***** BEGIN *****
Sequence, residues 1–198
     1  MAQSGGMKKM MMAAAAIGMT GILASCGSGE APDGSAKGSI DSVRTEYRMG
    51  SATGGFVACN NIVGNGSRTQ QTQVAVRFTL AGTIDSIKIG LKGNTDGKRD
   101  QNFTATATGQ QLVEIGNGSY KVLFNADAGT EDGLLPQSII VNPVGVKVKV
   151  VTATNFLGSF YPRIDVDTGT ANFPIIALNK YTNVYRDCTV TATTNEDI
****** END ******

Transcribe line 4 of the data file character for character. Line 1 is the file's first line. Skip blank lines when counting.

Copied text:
   101  QNFTATATGQ QLVEIGNGSY KVLFNADAGT EDGLLPQSII VNPVGVKVKV